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Consumer technology has raced so far ahead of the enterprise that people used to blogs, mashups, and Ajax apps on the Web can feel like they've stepped through a time warp when they face circa 1990s technologies at work. Companies need to adapt, but wisely--not all Web 2.0 technologies are useful in business.
The Web 2.0 label covers a variety of tools, all aimed at helping people communicate and collaborate more efficiently. Most companies will focus on mashups, which mix data from internal and external sources in new ways. Some are simply innovative ways of presenting information, but the most advanced are full-blown apps, with many vendors promoting development platforms aimed at staff without programming experience.
Other Web 2.0 tools are best kept within an organization's borders. For example, setting up shop in Second Life will be a waste for most businesses, but virtual environments can be useful as a way to host internal meetings, allowing more interaction than voice alone at a lower cost than videoconferencing. The same goes for wikis, which act as straightforward but powerful knowledge management systems.
Web 2.0 means replacing static Web sites with Web services that are accessed through browser-based clients. Every company that aspires to interactivity on the Web needs to evaluate Web 2.0's underlying technologies. Rich Internet apps make most sense in frequently updated parts of sites and areas that require user input.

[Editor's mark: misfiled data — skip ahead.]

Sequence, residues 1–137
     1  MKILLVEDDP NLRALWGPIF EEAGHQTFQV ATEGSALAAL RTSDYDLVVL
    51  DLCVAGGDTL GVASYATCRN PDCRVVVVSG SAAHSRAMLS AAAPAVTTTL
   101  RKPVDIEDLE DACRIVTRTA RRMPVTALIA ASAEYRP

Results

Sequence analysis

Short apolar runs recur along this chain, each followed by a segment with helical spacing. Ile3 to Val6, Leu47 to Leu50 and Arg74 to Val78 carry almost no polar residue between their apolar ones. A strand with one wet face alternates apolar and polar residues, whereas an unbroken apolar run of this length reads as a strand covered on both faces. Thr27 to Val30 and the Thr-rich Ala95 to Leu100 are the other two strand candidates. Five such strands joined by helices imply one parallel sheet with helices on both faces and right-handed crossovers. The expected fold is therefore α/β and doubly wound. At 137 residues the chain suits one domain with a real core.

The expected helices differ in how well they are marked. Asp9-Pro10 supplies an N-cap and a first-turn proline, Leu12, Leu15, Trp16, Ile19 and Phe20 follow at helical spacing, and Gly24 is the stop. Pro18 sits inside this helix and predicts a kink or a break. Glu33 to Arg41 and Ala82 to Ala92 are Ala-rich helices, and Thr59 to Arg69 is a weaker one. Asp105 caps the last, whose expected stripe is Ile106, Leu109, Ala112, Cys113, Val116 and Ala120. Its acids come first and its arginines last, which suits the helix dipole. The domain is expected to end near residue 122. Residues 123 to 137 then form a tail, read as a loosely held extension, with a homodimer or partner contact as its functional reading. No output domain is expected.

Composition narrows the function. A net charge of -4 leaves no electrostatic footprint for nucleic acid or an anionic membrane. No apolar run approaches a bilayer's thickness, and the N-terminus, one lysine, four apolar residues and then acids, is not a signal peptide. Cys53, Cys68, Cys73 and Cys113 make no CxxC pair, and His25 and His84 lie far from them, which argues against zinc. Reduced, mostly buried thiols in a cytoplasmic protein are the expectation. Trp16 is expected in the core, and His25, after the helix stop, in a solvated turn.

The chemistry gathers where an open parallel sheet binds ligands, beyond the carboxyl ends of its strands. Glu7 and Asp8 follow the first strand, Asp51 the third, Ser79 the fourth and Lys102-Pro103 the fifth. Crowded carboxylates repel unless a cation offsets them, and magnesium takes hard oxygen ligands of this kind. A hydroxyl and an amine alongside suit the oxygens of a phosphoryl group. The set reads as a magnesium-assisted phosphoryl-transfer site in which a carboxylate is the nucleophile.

Ajax, because of its widespread browser support, remains the standard for RIAs. Internal apps that run on IT-controlled platforms can also use Java SE, Curl, Adobe Flex, or Microsoft Silverlight, which are more capable but require plug-ins and may limit choice of browser or operating system. Attempts by Adobe and Google to take RIAs beyond the browser are still immature.
Businesses that already use Web services have an advantage, though a service-oriented architecture alone isn't enough to support RIAs. The bloated XML standards would choke lightweight Ajax apps, leaving their supporting Web services to use ad hoc data formats.
New hardware also may be needed. Well-designed RIAs don't transfer any more data than static Web pages, but they break it into smaller chunks, hammering servers with multiple TCP connections that may transfer just a few bytes each. Dealing with these can require infrastructure upgrades. And servers that host mashup components for the Web need to be able to cope with surges in demand, which virtualization can help.